Allan King: Controversial Canadian film-maker whose documentaries lighted on the dramas of everyday existence
Monday 03 August 2009
Allan King was the foremost Canadian documentarian of his generation. Filming "the drama of everyday life as it happens, spontaneously without direction, interviews or narrative", King and the "direct cinema" movement led to the fly-on-the-wall documentaries of Frederick Wiseman and Paul Watson, but his techniques and ideas are as controversial now as when he pioneered them.
King was born in Vancouver, and studied philosophy at the University of British Columbia. Joining the Canadian Broadcasting Company (CBC), he worked his way up from production assistant to director.
His breakthrough came with Skid Row (1956), about Vancouver's homeless. The National Film Board's John Grierson duly hailed it as "one of the greatest Canadian films ever made." But, accused of voyeurism, it sparked the sort of ethical debates that were to continue to surround him during his career.
Launching himself as an independent film-maker, King moved to Ibiza, then London, employing and inspiring film-makers including Chris Menges and Roger Graef. Initially broadcasters needed to be convinced that the new, lightweight equipment he used could produce broadcastable quality, while unions resisted the move to smaller crews.
Much of the work came from CBC: interviews with Brendan Behan, Anthony Eden, Orson Welles and others, and occasional TV dramas. A Matter of Pride (1961), a documentary about Canadian unemployment, led to claims in parliament that King had fabricated the subject family's suffering. Outside Canada he made Rickshaw (1960) in Calcutta, and Joshua: a Nigerian Portrait (1963).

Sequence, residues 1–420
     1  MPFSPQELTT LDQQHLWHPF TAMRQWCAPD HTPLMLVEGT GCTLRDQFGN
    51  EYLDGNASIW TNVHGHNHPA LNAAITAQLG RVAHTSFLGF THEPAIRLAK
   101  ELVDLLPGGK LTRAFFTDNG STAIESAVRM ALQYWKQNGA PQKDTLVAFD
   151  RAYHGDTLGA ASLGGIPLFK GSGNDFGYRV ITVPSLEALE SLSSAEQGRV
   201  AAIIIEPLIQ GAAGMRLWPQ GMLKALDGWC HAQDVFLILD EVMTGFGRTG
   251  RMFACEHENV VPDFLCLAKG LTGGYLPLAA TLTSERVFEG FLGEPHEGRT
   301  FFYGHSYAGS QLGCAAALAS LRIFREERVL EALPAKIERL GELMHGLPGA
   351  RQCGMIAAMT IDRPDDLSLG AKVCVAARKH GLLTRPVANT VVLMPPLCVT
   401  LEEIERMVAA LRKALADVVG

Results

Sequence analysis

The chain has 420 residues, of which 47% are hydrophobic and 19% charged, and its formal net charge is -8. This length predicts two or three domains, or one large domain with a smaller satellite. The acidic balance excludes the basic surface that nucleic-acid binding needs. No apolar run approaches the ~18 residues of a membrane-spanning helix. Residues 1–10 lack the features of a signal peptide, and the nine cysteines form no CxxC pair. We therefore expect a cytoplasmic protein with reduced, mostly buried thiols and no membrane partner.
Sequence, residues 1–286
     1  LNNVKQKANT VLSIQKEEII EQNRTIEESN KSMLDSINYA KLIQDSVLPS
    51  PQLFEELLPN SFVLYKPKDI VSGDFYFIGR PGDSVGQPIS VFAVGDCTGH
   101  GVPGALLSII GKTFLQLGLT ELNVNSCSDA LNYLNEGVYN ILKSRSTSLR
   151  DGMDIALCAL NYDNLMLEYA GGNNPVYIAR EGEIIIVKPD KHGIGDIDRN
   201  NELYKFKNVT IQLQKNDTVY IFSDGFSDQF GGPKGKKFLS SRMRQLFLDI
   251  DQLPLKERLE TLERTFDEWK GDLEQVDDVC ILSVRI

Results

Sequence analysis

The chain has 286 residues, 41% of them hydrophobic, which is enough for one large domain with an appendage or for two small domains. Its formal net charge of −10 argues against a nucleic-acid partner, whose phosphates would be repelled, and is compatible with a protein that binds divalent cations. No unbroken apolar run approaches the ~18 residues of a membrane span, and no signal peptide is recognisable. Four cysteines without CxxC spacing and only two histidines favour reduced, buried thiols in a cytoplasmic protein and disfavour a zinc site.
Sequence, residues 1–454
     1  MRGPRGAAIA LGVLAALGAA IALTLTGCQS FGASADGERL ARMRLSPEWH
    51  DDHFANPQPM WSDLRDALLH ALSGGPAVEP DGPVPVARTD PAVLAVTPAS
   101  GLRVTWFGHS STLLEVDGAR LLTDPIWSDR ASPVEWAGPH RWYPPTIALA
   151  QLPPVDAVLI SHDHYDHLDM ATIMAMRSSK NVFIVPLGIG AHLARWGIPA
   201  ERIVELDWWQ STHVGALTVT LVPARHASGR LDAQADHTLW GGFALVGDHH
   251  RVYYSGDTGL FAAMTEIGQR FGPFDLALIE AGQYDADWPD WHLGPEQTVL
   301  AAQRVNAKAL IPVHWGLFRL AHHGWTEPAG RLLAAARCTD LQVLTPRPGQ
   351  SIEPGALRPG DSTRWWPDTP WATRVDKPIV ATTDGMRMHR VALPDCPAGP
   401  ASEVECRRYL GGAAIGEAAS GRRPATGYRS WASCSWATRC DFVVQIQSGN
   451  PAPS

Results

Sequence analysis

King's concern for those left behind came from his own family, which had been torn apart by his father's alcoholism, but the resulting dread of worklessness also drove him to notch up a huge filmography.
His 1964 films were particularly wide-ranging. They included The Sound of Christopher Plummer, a relatively conventional portrait of the actor on the set of The Sound of Music, while the fully scripted docu-drama Running Away Backwards ironically profiles Canadian expatriates in Ibiza. He also worked on the groundbreaking series This Hour Has Seven Days, which combined challenging journalism with satirical sketches.
King's social commitment was also demonstrated by Warrendale (1966) about a school for emotionally disturbed children, which pioneered the use of "holding sessions" in which two or three adults cling tightly to their charges. Despite being commissioned by the CBC, it refused to show it and it was released theatrically. It marked a critical high point for King, being praised by Jean Renoir and sharing Cannes' best-picture honour with Antonioni's Blow-up. In 1970 he re-edited the material as Children in Conflict, 18 half-hour TV films. When Warrendale itself was finally closed, its director, John L Brown, founded a similar institution, Browndale, with King as chair of the board of governors.